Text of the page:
Recognizing and respecting cross-cultural communication differences and finding opportunities to improve communication in a way that allows such differences to coexist may enhance the efficiency of global payroll processing, payroll leaders said May 16.

When a payroll professional from one country seeks to coordinate payroll processing with a colleague or third-party provider from another country that has different cultural norms regarding communication, “it’s always important to be upfront about difficulties in communication,” said Jason Low, head of the Association for Payroll Specialists in Australia. “It’s important that we really understand what each other is saying because we don’t want to make mistakes in the payroll.”

Regarding verbal communication, “it’s very important when dealing with our international colleagues that we speak slowly and clearly, that we exercise patience while trying to understand one another, and that we avoid slang,” Low said at the American Payroll Association’s Annual Congress in Long Beach, Calif.

Speaking too loudly may be perceived as offensive in some cultures, Low said. Additionally, when one encounters written words in another language, the sophistication of translation systems such as Google Translate can greatly assist with comprehension, he said.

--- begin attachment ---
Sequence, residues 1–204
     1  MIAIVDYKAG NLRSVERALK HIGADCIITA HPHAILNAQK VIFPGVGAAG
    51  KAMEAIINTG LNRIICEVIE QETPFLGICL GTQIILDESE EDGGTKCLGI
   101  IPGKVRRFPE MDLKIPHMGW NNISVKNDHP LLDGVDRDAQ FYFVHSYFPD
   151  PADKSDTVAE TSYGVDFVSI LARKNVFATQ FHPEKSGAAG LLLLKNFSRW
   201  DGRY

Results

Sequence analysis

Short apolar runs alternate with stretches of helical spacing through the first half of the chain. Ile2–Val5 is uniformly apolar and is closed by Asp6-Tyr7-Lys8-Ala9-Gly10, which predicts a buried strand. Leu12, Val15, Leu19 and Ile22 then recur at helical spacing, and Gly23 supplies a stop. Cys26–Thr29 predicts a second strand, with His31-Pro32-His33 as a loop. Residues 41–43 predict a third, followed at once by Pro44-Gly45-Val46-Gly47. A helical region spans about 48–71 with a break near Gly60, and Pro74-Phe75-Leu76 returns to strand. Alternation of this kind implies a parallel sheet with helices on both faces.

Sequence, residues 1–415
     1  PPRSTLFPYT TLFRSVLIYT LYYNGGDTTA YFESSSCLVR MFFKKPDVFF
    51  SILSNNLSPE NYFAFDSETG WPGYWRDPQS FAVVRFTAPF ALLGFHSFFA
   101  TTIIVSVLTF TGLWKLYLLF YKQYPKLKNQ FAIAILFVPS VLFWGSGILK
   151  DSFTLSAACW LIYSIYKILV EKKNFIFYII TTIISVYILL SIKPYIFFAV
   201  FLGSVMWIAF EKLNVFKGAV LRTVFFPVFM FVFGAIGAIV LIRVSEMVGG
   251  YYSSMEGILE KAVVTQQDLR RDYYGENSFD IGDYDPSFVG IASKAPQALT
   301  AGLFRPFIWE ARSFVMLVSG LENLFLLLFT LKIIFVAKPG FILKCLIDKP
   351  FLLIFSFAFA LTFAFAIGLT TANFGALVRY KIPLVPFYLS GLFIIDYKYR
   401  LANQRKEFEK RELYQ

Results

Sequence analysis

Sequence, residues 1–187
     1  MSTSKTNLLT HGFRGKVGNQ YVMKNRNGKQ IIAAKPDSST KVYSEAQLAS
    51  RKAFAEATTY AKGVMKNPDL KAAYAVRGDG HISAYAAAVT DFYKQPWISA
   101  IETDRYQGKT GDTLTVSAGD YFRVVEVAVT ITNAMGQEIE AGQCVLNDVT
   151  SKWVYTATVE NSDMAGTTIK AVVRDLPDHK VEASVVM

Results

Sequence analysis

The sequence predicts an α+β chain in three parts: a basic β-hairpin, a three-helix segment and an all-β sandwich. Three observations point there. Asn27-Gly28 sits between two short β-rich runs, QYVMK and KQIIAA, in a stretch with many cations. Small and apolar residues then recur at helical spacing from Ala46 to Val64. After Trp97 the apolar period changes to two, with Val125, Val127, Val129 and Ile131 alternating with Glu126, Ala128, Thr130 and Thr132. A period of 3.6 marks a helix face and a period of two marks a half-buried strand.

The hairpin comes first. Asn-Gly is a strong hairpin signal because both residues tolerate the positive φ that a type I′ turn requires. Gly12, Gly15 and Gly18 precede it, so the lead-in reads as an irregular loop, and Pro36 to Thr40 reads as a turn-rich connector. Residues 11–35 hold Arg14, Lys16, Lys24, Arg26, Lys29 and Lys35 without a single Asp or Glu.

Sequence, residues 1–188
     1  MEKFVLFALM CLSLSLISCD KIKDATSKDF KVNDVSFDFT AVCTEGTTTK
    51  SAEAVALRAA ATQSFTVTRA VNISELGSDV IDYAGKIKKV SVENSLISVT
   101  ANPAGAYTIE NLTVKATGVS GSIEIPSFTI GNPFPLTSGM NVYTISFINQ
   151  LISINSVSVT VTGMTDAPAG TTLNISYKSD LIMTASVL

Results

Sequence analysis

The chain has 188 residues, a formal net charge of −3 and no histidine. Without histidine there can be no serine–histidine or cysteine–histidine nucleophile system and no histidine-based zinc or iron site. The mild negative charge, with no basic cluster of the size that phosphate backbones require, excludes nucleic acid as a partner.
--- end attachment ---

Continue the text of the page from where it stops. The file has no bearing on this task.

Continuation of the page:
“The handshake is one of the most globally recognized ways of greeting,” in terms of nonverbal communication, but the person with whom one is communicating may recognize a different form of nonverbal greeting as a cultural norm, and understanding this is important, said Tim Kelsey, owner of Kelsey’s Payroll Services. “Some cultures prefer a bow instead of a handshake, and the lower the bow, the more respect you’re showing.”

Handshakes are common, but cultural differences also exist with regard to the appropriate firmness and length of a handshake greeting, Kelsey said. For example, a firm grip is common for handshakes in the U.S., but some cultures may perceive such firmness as inauspiciously aggressive, and in Turkey, handshakes often last longer than they do in the U.S., he said.

“Wherever you’re working in the world, a smile and a laugh will get you through in most situations,” Kelsey said.